Ford’s Twin Traction Beam four-wheel drive front axle looks primitive alongside the current F-150’s coilover and control-arm setup. But this innovative design, first introduced in 1980, helped Dearborn bridge the gap between the straight axle and IFS eras.
Back in the dim-and-distant 1970s, full-size 4×4 pickups with solid front axles roamed the Earth and everything was good. They were simple, cheap, durable, and easy to work on. (As a matter of fact, they still are.)
But a funny thing happened between 1973 and 1978: U.S. sales of light-duty four-wheel drives went bonkers, growing from about 312,000 trucks industry wide to 992,000, five years later. At Ford, the increase was even more bonkers. Dearborn moved about 67,000 light-duty 4x4s in 1973, but that number soared to 317,000 by 1978. Who were these truck buyers? Not landscapers, remodelers, or tradespeople, according to Ford, but folks participating “in an expanded outdoor lifestyle.” These outdoorsy weekenders were trading in their station wagons or two-wheel drive trucks on 4x4s, but they didn’t expect to sacrifice any ride quality, handling, or comfort. At the same time, federal fuel economy standards were ramping up for light trucks with gross vehicle weight ratings of 8,500 pounds or less. By the mid 1980s, four-wheel-drive light trucks would have to be capable of 18-19 mpg.
Faced with the need to make trucks more car-like for the 4×4-hungry masses as well as more fuel efficient, Ford engineers took a hard look at that solid front axle. It was heavy, and forced the truck to sit higher, so that the oil pan would clear the differential when the springs compressed—both of which affected fuel economy. The tall ride height also made driver/passenger ingress/egress more difficult and raised the center of gravity, making light trucks tippy, too. Ride and handling was also sacrificed with a solid front axle, which is why most light-duty two-wheel drives went to independent front ends in the 1960s.
Starting in ’65, Ford two-wheel drive trucks used the Twin I-Beam design, which split a solid axle into two parts, each hinged on a pivot mounted to the engine cross member and suspended with a coil spring.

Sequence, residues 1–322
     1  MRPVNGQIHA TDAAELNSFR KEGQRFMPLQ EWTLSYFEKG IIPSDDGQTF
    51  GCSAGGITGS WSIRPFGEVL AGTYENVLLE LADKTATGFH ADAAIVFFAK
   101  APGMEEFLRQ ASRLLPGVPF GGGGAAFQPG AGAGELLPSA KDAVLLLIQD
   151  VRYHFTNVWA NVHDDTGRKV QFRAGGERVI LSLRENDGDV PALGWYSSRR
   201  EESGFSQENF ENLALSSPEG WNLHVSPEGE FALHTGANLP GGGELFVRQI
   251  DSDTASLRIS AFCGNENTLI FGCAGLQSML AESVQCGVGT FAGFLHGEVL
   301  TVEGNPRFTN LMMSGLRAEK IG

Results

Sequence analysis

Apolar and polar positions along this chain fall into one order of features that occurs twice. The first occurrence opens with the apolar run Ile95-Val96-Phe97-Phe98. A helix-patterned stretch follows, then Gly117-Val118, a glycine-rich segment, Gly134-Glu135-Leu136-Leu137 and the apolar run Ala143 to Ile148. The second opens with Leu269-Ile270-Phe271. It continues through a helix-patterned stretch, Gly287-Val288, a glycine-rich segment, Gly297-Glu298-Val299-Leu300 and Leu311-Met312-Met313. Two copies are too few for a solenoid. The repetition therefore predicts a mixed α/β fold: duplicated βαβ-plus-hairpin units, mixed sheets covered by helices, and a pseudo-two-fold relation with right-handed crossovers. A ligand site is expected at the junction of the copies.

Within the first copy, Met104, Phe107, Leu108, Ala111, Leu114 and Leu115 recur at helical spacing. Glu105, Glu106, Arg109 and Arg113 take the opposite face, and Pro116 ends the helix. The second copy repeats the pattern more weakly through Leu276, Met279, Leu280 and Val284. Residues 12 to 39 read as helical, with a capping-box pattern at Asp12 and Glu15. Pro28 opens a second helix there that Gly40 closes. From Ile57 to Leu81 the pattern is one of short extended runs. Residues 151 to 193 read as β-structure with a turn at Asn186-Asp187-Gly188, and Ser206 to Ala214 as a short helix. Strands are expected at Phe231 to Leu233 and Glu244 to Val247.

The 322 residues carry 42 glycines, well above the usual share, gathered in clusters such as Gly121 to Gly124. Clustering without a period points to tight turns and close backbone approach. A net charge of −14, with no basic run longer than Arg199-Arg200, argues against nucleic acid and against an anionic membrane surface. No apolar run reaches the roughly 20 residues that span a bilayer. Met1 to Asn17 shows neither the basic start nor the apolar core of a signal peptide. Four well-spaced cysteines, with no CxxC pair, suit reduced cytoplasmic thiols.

So, what if a driving front axle could be designed to replicate the Twin I-Beam? In addition to lowering the truck’s center of gravity, improving ride quality and handling, what if this new axle could offer some weight savings and even share some parts with the Twin I Beam two-wheel drives?
Enter Twin Traction Beam—a way for Ford to offer IFS in full-size trucks without straying too far from its tried-and-true components. The setup was designed by Ford Engineers Donald Wheatley and John Richardson, who were first granted a patent, US3948337A, in 1976.
But the production version, manufactured by Dana, was the result of discoveries made over five design stages after that initial patent. The fifth generation, production TTB axle used a pair of stamped steel arms that pivoted from mounts attached to the engine cross member, like Twin I-Beam arms. On half-tons, like Broncos and F-150s, coil springs provided the suspension, while on F-250s and 350s leaf springs were used. The front differential (an 8.5-inch Dana 44 in the F-150, F-250, and Bronco, or a 9-inch Dana 50 or 60 on the F-350) was mounted to the left arm, while a U-joint mounted on the end of the right axle provided the hinging action. A slip joint (or slip yoke), mounted outboard of the U-joint, allowed the axle shaft length to change as the wheels moved up and down through the suspension travel. The left TTB axle arm served as the cover for the differential as well as the housing mount, while the right axle beam had a window in it that allowed the right axle shaft to pass through. Both axle arms were attached to radius arms in the rear that kept them located.
TTB was an elegantly simple solution for the time and it helped Ford achieve its many objectives for the 1980 model year, when its redesigned light trucks were unveiled. The half-tons (F-150 and Bronco) were 2.3 inches lower than their predecessors which helped in the wind tunnel, improved their handling, and made it easier for driver and passengers to climb aboard. Unsprung weight in the half-ton TTB-equipped rigs was lowered by 154 pounds, largely because of a reduction in the amount of cast iron and forged steel used in the front axle. The TTB design also allowed Ford to share crossmembers, pivot brackets, pivot locations, and coil springs among two- and four-wheel drive light trucks. The 4×4 half-tons even shared their radius arms with the two-wheel drive F-250.
The TTB axle has taken its share of guff from hardcore off-roaders who prefer straight axles, but in stock form, it’s dirt reliable and simple to repair. Due to the sheer number of Ford trucks made with TTB from 1980-’97, parts are plentiful and cheap today, plus the knowledge base for this innovative design runs deep.
For visual comparison, a 1979 Bronco (sundown stripes) with the solid front axle and 1981 Bronco (grey) with TTB.